Doomsday comes and I am anxious. I don’t want my parents to think Toney is ghetto and be quick to disapprove. He walks in wearing a nice blue dress shirt. He greets my mom with a kiss on the cheek, a custom in our culture, and my dad with a firm handshake. I am surprised that I’ve never seen this side of him before. He walks into our dining area with such poise and sits himself at the table. My mom offers him some food, which he politely declines. That makes me a little nervous because often in a Filipino household, it’s disrespectful to decline food. But I’m sure he already knows that. They talk for a little bit before my dad has to take my mom to work.
“He’s a gentleman,” Mom says, as I walk her out the door. “And he’s really tall.”
“He’s a nice guy,” Dad adds.
That is all the approval I need: multiple brownie points!
From that day on, I decide to screw the Filipino rules and do what I want to do — of course, while still trying to be respectful toward my parents. I move to Long Beach right out of high school and constantly go out with my friends. It ends up lasting for only ten days before I get homesick.
I used to think that if I did everything on my parents’ list, I would be successful while also making them happy. But whenever I mention journalism or business as my big-picture career choice, they respond with “It’ll be hard for you to get a job! Pick something practical!” I don’t care what they say. I do what I want.
One day my sister announces, “I think I’m going to go into nursing.”
“Oh, good!” Mom says happily.
Typical, I think, taking a seat on a nearby couch and turning on the TV. Great way to kiss ass!
“Grossmont has a good nursing program,” my sister explains as she takes a seat at the table.
“Oh, yeah?” says Dad. “How long will it take?”
My dad is always curious about when we’ll graduate from college. He and my mom have talked about moving back to the Philippines after they retire. That’s what most native Filipinos do. Make plenty of cash money in America, then move back to PI to live luxuriously in a big house with a maid. But my parents can’t think about leaving if they know we are going to be in school still or if we don’t have a career started before they retire.
My sister applies for the LVN program. She doesn’t get in. She’s disappointed for about a day, until she gains perspective on what she really wants to do with her life: public health.
“Why’d you change your mind?” I ask.
“Nursing isn’t for me. It’s too much pressure.”
“Then why’d you choose it in the first place?” Maybe, I think, to make me look bad for wanting to do journalism or business?
“Because that’s what we do. It’s what makes Mom and Dad happy. Plus, I’d get to help people, like I want to.”
“But you didn’t even like it. You wasted your time.”
“Yeah, that’s why I’m changing it to public health! Duh, Mae! It’s still in the medical field, so Mom and Dad will be happy. And I don’t completely have to start over.”
My sister’s current boyfriend of five years is going to be a chemical engineer. That equals big money. My parents dare not question his future. Their main focus is on my boyfriend Toney.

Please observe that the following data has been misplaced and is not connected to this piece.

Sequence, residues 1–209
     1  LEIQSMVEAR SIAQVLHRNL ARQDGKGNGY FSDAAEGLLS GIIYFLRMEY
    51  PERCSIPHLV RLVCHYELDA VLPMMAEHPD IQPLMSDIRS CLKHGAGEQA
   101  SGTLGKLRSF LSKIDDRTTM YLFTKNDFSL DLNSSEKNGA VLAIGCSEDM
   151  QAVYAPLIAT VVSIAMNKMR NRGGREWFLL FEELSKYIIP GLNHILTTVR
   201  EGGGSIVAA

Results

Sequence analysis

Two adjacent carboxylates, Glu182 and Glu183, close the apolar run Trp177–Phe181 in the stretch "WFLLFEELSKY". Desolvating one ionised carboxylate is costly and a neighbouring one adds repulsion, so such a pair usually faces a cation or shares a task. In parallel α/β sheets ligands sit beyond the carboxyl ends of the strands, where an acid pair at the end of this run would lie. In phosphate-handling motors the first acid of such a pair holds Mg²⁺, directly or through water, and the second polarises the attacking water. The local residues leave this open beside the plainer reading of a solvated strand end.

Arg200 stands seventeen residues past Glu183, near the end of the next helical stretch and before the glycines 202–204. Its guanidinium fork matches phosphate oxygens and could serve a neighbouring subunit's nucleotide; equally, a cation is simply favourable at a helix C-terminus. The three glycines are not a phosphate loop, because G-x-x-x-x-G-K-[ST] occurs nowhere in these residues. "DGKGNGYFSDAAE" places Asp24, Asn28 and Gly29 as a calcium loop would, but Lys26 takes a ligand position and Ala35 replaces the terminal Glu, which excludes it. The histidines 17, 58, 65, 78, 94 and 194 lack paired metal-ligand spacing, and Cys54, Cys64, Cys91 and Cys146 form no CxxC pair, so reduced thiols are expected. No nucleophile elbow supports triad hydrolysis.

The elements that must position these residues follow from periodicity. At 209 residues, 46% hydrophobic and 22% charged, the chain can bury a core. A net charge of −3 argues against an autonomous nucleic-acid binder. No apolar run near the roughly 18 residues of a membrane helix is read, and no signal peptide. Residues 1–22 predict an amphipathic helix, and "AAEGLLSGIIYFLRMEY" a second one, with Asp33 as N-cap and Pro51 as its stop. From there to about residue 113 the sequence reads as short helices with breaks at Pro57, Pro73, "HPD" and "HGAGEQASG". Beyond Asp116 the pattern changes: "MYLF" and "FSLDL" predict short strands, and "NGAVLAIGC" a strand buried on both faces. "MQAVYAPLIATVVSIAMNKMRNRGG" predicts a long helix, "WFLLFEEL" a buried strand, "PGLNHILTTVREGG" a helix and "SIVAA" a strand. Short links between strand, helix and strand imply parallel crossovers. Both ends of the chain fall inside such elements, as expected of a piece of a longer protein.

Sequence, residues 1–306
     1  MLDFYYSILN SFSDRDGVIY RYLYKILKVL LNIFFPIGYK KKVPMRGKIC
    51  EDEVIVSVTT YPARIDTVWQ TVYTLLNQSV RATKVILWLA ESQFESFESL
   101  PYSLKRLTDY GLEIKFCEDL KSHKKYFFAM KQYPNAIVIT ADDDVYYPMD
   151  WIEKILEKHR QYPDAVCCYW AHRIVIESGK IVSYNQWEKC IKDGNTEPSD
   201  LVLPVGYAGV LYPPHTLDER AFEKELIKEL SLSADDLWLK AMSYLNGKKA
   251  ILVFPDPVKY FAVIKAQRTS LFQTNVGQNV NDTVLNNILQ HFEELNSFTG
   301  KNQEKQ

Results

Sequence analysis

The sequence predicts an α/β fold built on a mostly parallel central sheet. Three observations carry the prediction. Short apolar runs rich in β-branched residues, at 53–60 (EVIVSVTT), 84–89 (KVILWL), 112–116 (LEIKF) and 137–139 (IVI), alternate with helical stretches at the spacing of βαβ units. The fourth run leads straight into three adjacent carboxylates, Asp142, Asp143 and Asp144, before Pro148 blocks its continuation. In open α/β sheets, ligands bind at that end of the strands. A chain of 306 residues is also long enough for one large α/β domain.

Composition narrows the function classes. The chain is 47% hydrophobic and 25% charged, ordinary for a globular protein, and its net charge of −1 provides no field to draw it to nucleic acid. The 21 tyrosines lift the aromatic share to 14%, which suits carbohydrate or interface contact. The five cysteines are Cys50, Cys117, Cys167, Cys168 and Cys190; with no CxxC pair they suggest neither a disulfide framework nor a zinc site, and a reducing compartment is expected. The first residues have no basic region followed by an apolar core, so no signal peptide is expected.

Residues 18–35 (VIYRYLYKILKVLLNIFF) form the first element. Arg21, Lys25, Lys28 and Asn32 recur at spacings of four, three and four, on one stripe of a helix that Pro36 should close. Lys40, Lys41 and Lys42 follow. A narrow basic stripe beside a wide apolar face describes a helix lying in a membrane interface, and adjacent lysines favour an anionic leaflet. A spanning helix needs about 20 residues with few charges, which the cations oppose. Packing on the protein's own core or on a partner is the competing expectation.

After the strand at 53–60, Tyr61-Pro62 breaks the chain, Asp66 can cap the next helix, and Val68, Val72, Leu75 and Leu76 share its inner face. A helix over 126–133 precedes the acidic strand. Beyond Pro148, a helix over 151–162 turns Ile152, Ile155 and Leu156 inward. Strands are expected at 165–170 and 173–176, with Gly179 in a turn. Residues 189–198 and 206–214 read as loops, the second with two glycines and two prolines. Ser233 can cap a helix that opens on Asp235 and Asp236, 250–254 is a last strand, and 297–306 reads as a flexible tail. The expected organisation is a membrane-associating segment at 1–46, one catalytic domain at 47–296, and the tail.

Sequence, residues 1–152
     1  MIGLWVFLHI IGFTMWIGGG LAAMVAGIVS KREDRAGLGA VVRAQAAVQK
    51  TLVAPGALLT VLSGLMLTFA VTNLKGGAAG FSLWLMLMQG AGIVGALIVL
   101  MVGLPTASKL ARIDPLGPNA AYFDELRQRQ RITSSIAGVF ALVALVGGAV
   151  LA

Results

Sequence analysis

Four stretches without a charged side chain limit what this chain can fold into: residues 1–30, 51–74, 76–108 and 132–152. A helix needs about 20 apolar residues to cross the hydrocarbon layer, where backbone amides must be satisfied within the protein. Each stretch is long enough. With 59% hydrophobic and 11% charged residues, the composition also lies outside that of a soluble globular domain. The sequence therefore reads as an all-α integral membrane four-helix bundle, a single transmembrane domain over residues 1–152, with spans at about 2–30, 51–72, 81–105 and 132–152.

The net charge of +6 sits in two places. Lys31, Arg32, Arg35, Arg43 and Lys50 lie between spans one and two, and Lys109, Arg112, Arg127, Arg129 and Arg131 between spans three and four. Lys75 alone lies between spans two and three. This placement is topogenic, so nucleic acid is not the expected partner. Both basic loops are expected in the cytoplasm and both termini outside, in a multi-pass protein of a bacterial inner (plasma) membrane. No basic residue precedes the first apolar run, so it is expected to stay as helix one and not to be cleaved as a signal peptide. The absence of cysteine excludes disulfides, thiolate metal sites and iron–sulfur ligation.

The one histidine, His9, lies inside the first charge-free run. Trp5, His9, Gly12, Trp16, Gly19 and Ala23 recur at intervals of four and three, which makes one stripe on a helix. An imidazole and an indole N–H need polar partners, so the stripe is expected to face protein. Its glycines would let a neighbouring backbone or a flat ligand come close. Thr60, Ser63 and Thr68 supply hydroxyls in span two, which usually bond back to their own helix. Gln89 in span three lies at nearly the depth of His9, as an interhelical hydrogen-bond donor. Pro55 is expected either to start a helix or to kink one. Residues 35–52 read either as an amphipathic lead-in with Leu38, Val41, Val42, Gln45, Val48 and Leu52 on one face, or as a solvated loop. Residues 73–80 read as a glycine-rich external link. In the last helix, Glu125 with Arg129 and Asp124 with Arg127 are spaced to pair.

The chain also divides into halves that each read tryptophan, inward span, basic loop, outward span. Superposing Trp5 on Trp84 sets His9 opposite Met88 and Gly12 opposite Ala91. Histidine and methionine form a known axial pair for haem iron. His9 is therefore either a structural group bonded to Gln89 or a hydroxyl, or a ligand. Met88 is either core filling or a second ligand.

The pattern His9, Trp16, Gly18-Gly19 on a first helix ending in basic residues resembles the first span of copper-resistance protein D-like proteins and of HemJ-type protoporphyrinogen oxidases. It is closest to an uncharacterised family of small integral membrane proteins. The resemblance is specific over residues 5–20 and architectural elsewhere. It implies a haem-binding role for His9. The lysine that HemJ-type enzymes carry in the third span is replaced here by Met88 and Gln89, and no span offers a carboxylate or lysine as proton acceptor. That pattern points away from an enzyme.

Because of how intimidating my dad is, Toney and I spend our quality time at his mom’s house. His family does all they can to make me feel at home, whereas, after all this time, my parents make Toney feel only somewhat welcome.
“I can’t really be myself at your pad,” Toney says when I ask him to come over. “I constantly have to try and impress your Ps and feed them what they want to hear. I can’t lie to them, so if I tell them something they don’t want to hear, I got to watch my words. My family makes you feel comfortable at my pad. I don’t feel comfortable at your house.”
“You can’t just come here for a little bit?”
I spend some minutes trying to convince him. Finally, Toney agrees to stop by.
I’m on my way to meet him at the door when I notice my dad outside, watering plants. Toney usually approaches Dad first, to be respectful, even though he knows Dad will use the opportunity to lecture him or give a speech of some kind. I pretend to have to do something in the house while they talk.
“What’s up, Uncle?” Toney says. He calls my dad Uncle. In our culture, that shows respect.
“Oh, hey, Toney. I’m all right.” Then Dad skips the small talk and gets straight to the point. “What are you doing now? Do you have a job yet?”
“Oh, no, not right now.” Toney sways from side to side, while Dad walks around.
“How ’bout school?”
“Oh, no, not yet.”
Dad is always trying to convince Toney to join the military, so he knows I’ll be in good hands if we were to marry. But reading Toney’s face, I can tell he is thinking of a way to end the conversation.
“Just join the Navy!” Dad says. “I was in it for 13 years.” He starts to get excited. “They got good benefits. Think ’bout it — 42, 43 you can retire!”
“I’m not really military material, Uncle. Plus, I didn’t like moving from place to place when my parents were in the military, so I wouldn’t want to do that when I have kids.” Toney spits it out, then attempts to end the conversation by laughing. “So, uh, Uncle, you’re watering the plants?”
“Yeah, they’re drying up.” My dad starts to water the brown spots in the grass.
“Oh, all right then, Uncle.” Toney moves toward the front door. “I’m gonna see what’s up with Maecel.”